|The side-eye is strong with this one|
Yesterday, I decided I had better see how she was going to handle going off property for the first time by herself. I figured she would be pretty awful, as babies tend to be. and boy was I ever right. She was just AWFUL, although she did eventually settle down some.
I can't blame her for her awful behavior. Going off property for the first time is scary. Being without your herd is scary. Seeing things like cows for the first time is scary. It is quite a thing, to be frightened of these things. But, my main problem was not that she was afraid of things. She wasn't afraid, not like I expected. She screamed bloody murder the entire time for the other horses, and she did spook half to death when she saw the cows go by, but her main problem was her fallback tantrums she has when something is overwhelming for her. When she can't handle something (as toddlers are wont to do), she goes into bananas bersek mode and comes at her handler, She doesn't try to get away from you, she tries to come at you. This works in the pasture, because at 10 months old she is the literal boss of the entire mare herd. She shakes her head and she shoves her body around, and all of the other mares - her own mother included - get out of her way. And P herself is kind of a cow sometimes, and fully had her old owner taken advantage of in the same way - she just barged around, and the old owner got out of the way. She doesn't do it with me, but I know she would if I let her.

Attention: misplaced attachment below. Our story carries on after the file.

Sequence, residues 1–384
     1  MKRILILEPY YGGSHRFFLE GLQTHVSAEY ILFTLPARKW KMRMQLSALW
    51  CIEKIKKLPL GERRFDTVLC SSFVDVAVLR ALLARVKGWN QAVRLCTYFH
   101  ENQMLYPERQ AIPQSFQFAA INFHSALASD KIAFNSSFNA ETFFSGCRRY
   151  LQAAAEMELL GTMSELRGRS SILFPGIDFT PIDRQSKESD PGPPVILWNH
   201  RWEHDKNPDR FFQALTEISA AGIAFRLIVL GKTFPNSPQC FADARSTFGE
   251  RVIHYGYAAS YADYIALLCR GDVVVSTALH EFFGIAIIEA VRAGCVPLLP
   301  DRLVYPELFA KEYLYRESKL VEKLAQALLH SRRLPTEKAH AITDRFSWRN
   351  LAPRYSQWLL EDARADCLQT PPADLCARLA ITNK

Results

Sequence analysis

It's not like this is anything new. I've been dealing with this attitude since she was a neonate. I sat on her and squashed her more times than I can count when she was very small. I still have a mark on the back of my neck from where she reared up and struck me with her little needle hooves as a very tiny babe.
|About 2 weeks old, trying to kill me|
She's not nasty about it. She doesn't pin her ears, or bite, or kick, or be mean. She just barges her giant brown body around and she expects this to get the point across... like her mother does.
Needless to say, there was some major baby beating going on in that area for a little while.
BUT, that all said, somewhere in the middle of all of that, I took her back to the trailer and tied her for awhile longer. She gradually became more quiet, ate some hay, and actually stood still. I took her back in the arena, practiced some more handling, and was pleased to find that she was listening. She loaded well back on the trailer, rode well all the way home, and today seems to not hate me for having put her through this ordeal.
Pax know how to stand still in an open position, leads very well at the walk, and trots in hand better than nearly all the other horses on my property (save for O, who is super good at this). She just.... has these giant baby tantrums.
|Her reaction to seeing cows|
|SO much side-eye|
|There are cows over there and cows are outside my worldly knowledge or comprehension|
So, I think the FEH at Meadowcreek next month is still on. She will stand, lead, and trot in hand fine, I am sure of that. She just might, you know, show off some of her redheaded side at the same time. If you're going to Meadowcreek... you might want to some watch the fireworks!